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Book Review: Text Me When You Get Home

The news is difficult to watch and listen to lately, and I’m valuing my friendships with strong women even more these days. Read on for my review of Kayleen Schaefer’s Text Me When You Get Home, which is all about female friendships and how they evolve as we go through life.

I’m interested in hearing your ideas on friendships with people of all genders. What is it that makes these bonds special, almost familial? And how have you seen them change through the years?

Title: Text Me When You Get Home: The Evolution and Triumph of Modern Female Friendship

Author: Kayleen Schaefer

Age Range/Genre: Adult nonfiction

My Rating: 4 out of 5 stars

This review is also cross-posted to Goodreads.

This is a wonderful book, written by someone who clearly values female friendships. I found myself wanting to send friends passages of the book, looking for bookmarks to mark page, and thinking of friends to pass the book to when I finished.

I spent my late teens and early twenties being single, and in that time my female friendships became unbelievably important to me. (I also attended a women’s college that greatly emphasized that we can be allies and not enemies, and put great stock into the idea of a greater sisterhood, of a sort.) Sure, some in the group dated here and there, and then many of us slowly started settling down with partners, but our friendships are still strong, rooted in caring and love. Heck, I even heard about this book from one of my best friends—she saw the title and instantly thought of the two of us.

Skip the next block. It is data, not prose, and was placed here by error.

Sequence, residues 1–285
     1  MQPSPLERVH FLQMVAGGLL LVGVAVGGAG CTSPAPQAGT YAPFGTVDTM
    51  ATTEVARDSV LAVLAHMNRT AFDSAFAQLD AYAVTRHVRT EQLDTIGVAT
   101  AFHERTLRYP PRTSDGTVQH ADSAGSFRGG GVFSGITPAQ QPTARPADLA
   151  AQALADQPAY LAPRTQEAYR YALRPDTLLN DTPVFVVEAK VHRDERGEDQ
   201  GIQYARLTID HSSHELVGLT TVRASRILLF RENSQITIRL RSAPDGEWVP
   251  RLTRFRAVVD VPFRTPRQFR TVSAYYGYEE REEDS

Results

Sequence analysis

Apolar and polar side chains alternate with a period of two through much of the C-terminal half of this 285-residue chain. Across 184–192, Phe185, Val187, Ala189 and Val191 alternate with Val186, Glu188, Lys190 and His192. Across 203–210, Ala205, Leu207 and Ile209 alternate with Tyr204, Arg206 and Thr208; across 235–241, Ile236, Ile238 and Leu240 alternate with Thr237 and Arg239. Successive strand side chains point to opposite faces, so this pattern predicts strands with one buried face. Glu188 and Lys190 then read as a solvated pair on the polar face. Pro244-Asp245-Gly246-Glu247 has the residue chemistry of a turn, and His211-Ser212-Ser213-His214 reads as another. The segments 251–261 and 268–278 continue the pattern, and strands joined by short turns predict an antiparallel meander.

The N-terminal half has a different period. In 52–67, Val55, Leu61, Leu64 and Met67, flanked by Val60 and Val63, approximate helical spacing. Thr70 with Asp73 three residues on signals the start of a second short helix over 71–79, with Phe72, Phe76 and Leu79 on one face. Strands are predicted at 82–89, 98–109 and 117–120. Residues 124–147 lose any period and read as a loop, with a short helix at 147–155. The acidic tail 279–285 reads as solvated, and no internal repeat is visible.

One of the messages of this book is that even when/if we partner up, our society no longer demands that our significant other becomes the only “other” in our lives. Schaefer writes in the conclusion:

“For so long I think, there’s been a tacit, depressing assumption that our friendships, unlike our other relationships, should be temporary. We’re made to believe that at some point we will have to distance ourselves from each other, whether to that’s to find romantic mates, raise children, assist elderly parents, or go after promotions. [. . .] But we’re pressing back on this notion. We’re caring for each other—loudly and continuously—for no other reason besides wanting to. We’re saying and showing: Our friends matter as much as our other attachments.”

I think this is a lovely thing. As much as I love my spouse, my life would be missing something without my friendships with other women, whether it’s my best friend from high school or my coworkers. With this is the idea that “best friend” isn’t always strong enough to show the depth of the relationship, as it can be very much based on a form of love, and the phrase can come off a bit glib. While I stop short of calling my best friends my “soul mates,” as some of the women interviewed for this book do, I understand the sentiment and do wish there was an in-between sort of phrase.

She also acknowledges that these friendships will change, not always for the better, as we get older. She deals with this possibility pragmatically, and in a way that doesn’t make the reader feel like a failure for not being able to maintain these friendships. This, in a way, was also reassuring, having lost touch with formerly good friends. Life happens, and that’s okay. I’ll hold onto and do my part to maintain the friendships I have, and know that not everyone needs to stick around forever.

In short, this is a beautiful book full of stories about love and friendship from women of all walks of life, and I want to tell everyone I know about it (and have them read it).

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